Magnus could have played the immediate 21…d5, but instead went for 21…c6, which Anish considered an example of the World Champion’s willingness to keep positions alive,. He felt it’s +ev for Magnus, at least in the long run. 

The central break wasn’t delayed for long, however, with 22.Bc2 forcing 22…d5!, when the nuance 23.e5! kept some hope for White. Our commentators wondered if they needed to revise their assessment of c6 from a clever try to a serious inaccuracy.

Queens disappeared from the board with 23…dxc4! 24.Qxd8 Rexd8, however, and it very quickly became clear that Magnus had everything worked out. Despite his broken pawn structure he was fast enough to advance with his king and push his f-pawn so that he could set up an impenetrable barrier. 

All that was left was for the players to make it to move 40, since the regulations don’t allow them to offer a draw before that point. In less than three hours it was all over.

So after the huge tension of the previous two days there was no great drama on Day 3, except perhaps when the players learned that they had to attend a doping test.

That would be one ever present topic of the post-game press conference. The players were asked if traditional doping could give chess players an advantage, with Nepo pointing out the obvious disadvantage.

Well, but if you use the doping you’re getting banned from the event, so that’s how it works!

He was sceptical that substances could help, while Magnus wasn’t so sure.  

I think there are probably experiments to be made. People use drugs to both prepare for and to do exams, for instance. I assume they could possibly help in chess as well. If at some point my level of chess drops drastically I might start experimenting, but for now I don’t see the need!

When it was put to the players that their game had been one of the most “accurate” chess games ever played in a World Championship match, they both had good responses:

Magnus: Thank you very much. It feels great, it fills me with pride… but unfortunately only half a point on the score table!

Ian: I must say it’s quite a murky question before the doping test!

That test was also interfering with Magnus’s plans for the evening before the rest day.

I can instead tell you about my plans, or the immediate plans after the game today, if it were not for the doping control, which sort of messes it up. The first step of the plan was Chelsea – Manchester United, then the next step was Real Madrid – Sevilla, and then Golden State – Clippers, and then I thought we’ll kind of take it from there on the free day.

The other topic was having had three draws so far in Carlsen-Nepomniachtchi, 12 in Carlsen-Caruana, and two at the end of Carlsen-Karjakin, meaning 17 classical World Championship draws in a row since Magnus beat Sergey in New York on November 24th 2016 to hit back in that match.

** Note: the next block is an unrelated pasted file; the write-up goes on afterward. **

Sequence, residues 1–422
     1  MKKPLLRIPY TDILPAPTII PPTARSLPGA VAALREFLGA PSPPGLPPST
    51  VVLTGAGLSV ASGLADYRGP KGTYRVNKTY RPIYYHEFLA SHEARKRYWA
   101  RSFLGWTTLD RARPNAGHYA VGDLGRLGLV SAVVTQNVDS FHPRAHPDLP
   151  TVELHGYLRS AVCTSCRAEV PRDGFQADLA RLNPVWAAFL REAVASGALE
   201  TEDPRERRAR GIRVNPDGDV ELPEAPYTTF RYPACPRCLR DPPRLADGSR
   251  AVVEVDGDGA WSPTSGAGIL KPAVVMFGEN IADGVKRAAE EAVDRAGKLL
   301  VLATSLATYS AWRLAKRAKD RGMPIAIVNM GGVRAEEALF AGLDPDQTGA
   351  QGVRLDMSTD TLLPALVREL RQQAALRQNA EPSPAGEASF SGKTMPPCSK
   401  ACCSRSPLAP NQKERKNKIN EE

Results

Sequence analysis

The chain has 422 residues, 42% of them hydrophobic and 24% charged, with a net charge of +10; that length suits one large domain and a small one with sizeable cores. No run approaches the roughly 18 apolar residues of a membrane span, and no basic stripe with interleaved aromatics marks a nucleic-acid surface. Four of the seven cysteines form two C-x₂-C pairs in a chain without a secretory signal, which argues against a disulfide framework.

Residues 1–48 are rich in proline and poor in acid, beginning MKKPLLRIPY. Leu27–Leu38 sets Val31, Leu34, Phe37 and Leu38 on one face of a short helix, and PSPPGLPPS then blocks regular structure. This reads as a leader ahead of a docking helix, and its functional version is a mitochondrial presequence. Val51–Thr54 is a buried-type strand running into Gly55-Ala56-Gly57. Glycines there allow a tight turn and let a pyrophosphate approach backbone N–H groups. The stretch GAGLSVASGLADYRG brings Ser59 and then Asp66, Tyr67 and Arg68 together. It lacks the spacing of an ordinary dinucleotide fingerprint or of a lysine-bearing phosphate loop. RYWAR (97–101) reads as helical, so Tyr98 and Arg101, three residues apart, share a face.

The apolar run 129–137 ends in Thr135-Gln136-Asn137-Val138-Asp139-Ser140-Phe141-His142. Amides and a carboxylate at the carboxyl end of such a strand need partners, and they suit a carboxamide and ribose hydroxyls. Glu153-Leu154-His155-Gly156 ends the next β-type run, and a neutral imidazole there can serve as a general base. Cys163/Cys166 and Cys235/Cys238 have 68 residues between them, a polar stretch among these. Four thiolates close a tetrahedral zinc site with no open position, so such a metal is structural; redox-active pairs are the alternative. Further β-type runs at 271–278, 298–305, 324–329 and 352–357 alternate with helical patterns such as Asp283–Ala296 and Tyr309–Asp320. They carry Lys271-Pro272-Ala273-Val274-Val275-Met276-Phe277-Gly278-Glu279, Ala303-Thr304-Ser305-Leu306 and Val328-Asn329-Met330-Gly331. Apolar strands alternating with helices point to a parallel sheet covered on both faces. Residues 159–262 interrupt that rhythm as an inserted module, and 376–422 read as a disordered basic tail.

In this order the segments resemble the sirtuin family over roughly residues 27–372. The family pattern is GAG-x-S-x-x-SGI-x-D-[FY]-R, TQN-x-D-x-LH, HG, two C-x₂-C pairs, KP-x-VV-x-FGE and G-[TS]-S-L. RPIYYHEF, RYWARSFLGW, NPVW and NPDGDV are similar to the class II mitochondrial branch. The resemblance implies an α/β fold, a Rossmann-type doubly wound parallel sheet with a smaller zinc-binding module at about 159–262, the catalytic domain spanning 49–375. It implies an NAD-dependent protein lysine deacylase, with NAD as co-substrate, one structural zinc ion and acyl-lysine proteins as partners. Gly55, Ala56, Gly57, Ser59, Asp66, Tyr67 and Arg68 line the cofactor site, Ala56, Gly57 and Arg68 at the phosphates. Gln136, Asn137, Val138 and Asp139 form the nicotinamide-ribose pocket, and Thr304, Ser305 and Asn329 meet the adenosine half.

We’d had two fantastic fights in the first two games, and Ian didn’t help matters by generalising after the much quieter third game:

This is the current status of chess theory — it’s hard to find some advantage.

“Any game could explode, just not today”, said Magnus, though he did repeat, when asked, his wish that the World Championship could become more fast-paced:

I think there are many ways to play, but the most obvious one is just shorten the time control. At least make it a mix of classical and rapid.

Another question about draws became the straw that broke the camel’s back. Ian gave a standard response about chess being drawish and requiring mistakes for decisive results, while Magnus commented:

I would say that so much has been written and said about this. I really don’t have a lot to add — we try!

The thought of draws was also on his mind when he answered the final question of the press conference. What will people remember about Magnus Carlsen 50 years from now?

I don’t know. I think talking about legacy during a match is a rabbit hole I don’t want to go down… but hopefully he will be somebody who won a classical game in a World Championship match after the year 2016!

There are still 11 classical games to go this match, with the score tied at 1.5:1.5.

The next chance will come on Tuesday, after the rest day, when Magnus has the white pieces. It also happens to be his 31st birthday! Things didn’t go so well a year ago when he lost to Wesley So in the final of the Skilling Open, but he has better memories when it comes to the World Championship, since in 2016 he beat Sergey Karjakin in playoffs on his birthday to retain his title.

All the action will be live right here on chess24 from 16:30 local time (7:30 ET, 13:30 CET)